What climate change means for India’s and Africa’s growing populations – Tamir Klein Climate change is here and is not showing any sign of moving away from the headlines. Headlines which come from every point on the globe, showing that the impact is indeed global. Wildfires in Australia are followed by heatwaves in North America, and so forth. However, as ecologists, we know that impacts … Continue reading Road to COP26: Global warming but local heat exposure
In this instalment of “Behind the Paper”, Professor George Perry (he/him/his) of the University of Auckland shares with us the background of the paper “Reconstructing ecological functions provided by extinct fauna using allometrically informed simulation models: an in silico framework for ‘movement paleoecology”. About the paper Imagine if you could attach a high-resolution biotelemetric tracker on a dinosaur or a moa or a giant ground … Continue reading George Perry: So, how far might extinct birds have moved seeds?
In our latest post PhD candidate at Universidade Estadual Paulista, Marco Chiminazzo, presents his work ‘Your best buds are worth protecting: woody species exhibit different types of bud protection’, discuss about the importance of plant traits to cope with fire and shares how he got inspiration from Punk music to pursue his research career. About the paper In this paper we analysed how bud traits … Continue reading Marco Chiminazzo: ‘your best buds are worth protecting’, plant strategies to cope with fire in Cerrado (Brazil)
In this post Xibin Sun, phd candidate at Sun Yat-sen University, shares the insights of his paper ‘Divergent responses of symbiotic and asymbiotic N2 fixation to seawater additions’, presents his future research plans and shows his love for their study site landscapes. What’s your paper about? This paper reports responses of symbiotic N2 fixation (SNF) and asymbiotic N2 fixation (ANF) to seawater additions. We … Continue reading Xibin Sun: Divergent responses of symbiotic and asymbiotic N2 fixation to seawater additions
In our latest post from Vincent Pan of Oklahoma State University explored the sticky world of seed mucilage and how it impacts granivory. About the paper Our whole journey down the seed mucilage rabbit hole was started when one summer Eric LoPresti, upon reading Fuller & Hay’s (1983) natural history note on sand coated Salvia columbariae seeds, got his mind blown. It happened that there … Continue reading Vincent Pan: Why are some seeds sticky?
In this new post, Anushika. P.H.M. Herath, a post-doctoral research associate from The University of Sydney presents her work on the influence of animal personality of individual diet specialisation and the describes her experience working with Australian native fauna. About the paper Within a species, individuals vary in numerous traits including their sex, personality, and physiology. These traits affect how individuals interact with the environment … Continue reading Anushika Herath: Animal personality drives individual dietary specialisation across multiple dimensions in a mammalian herbivore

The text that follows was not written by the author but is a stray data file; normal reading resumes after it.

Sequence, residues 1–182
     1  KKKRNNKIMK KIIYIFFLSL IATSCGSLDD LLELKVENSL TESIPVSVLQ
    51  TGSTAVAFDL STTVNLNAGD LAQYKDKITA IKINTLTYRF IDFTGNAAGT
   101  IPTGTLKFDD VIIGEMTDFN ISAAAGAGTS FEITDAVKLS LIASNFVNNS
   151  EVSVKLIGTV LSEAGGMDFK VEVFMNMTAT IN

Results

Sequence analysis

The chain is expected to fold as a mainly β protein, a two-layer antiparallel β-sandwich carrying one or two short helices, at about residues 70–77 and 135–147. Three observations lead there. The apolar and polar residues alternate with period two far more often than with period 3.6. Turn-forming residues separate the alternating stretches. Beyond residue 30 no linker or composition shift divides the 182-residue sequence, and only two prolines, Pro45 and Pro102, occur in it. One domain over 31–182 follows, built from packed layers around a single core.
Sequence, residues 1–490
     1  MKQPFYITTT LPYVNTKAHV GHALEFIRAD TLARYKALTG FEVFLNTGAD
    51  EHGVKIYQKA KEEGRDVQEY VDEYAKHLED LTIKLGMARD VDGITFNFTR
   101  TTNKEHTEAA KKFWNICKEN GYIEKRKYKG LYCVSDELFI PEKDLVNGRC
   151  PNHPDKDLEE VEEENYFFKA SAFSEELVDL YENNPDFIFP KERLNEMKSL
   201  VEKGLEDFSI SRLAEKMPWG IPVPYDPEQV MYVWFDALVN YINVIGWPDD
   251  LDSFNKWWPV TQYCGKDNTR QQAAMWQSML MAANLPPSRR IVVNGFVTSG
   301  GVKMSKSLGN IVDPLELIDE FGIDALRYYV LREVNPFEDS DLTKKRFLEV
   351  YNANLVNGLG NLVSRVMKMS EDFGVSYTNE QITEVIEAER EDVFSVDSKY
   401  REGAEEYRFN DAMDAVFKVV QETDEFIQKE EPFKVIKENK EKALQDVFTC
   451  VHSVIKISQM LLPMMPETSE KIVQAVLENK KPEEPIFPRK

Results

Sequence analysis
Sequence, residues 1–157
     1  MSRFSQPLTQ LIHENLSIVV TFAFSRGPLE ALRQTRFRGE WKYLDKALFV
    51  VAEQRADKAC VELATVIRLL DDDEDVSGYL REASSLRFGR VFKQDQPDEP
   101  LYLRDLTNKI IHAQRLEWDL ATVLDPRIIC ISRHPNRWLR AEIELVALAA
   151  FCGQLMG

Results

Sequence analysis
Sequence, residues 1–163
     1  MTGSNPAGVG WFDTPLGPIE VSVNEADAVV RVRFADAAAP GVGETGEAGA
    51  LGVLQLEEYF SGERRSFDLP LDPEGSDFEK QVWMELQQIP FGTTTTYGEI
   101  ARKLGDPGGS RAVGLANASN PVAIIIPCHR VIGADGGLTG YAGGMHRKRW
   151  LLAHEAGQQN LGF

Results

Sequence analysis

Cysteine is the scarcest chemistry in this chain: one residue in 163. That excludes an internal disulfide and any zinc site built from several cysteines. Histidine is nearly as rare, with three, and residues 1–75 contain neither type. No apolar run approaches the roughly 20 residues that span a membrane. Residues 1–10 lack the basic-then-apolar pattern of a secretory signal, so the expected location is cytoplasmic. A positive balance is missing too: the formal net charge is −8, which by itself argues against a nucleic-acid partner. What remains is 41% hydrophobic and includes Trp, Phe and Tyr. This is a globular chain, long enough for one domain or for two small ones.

In this month’s cover image story, we delve into the lives of juvenile lemon sharks in Bimini Research Station with Félicie Dhellemmes and learn about the complexity of animal personality and behaviour The concepts of animal personality and individual foraging specialisation describe two seemingly related phenomenon: The fact that individuals within populations consistently differ in their behaviour (for the former) and in their foraging habits … Continue reading Félicie Dhellemmes: Bridging the gap between animal personality and individual foraging specialisation
In this post Bàlint Uvëges, postdoc at Bangor University, present his latest work ‘Chemical defence effective against multiple enemies: Does the response to conspecifics alleviate the response to predators?’, discuss the multiple ways animals have to avoid predation and shares his passion for venomous creatures. About the paper Predation is commonplace in nature, so prey animals need to continuously survey their environment and respond to … Continue reading Bálint Üveges: Toad poison is a Swiss army knife against multiple enemies
Margaux Didion-Gency, Ph.D. at the Swiss Federal Institute for Forest, Snow and Landscape Research (WSL) of Birmensdorf (Switzerland), presents her first published paper and discusses the importance of tree species interactions in the context of climate change. About the paper This study was motivated by previous research that reported the positive effect of species richness on grassland resistance to extreme events. However, we noticed that … Continue reading Margaux Didion-Gency: Interactive effects of tree species mixture and climate on foliar and woody trait variation in a widely distributed deciduous tree.
Professor Dustin Marshall, Australian Research Council Fellow and the Head of the Marine Evolutionary Ecology Research Group / Centre for Geometric Biology at Monash University, discusses with us his recently accepted paper “Temperature-mediated variation in selection on offspring size: a multi-cohort field study.” What is the background to your paper? We know offspring size varies enormously and understanding this variation is a long-standing goal of … Continue reading Dustin Marshall: Mother-offspring conflicts: Temperature can change selection on offspring size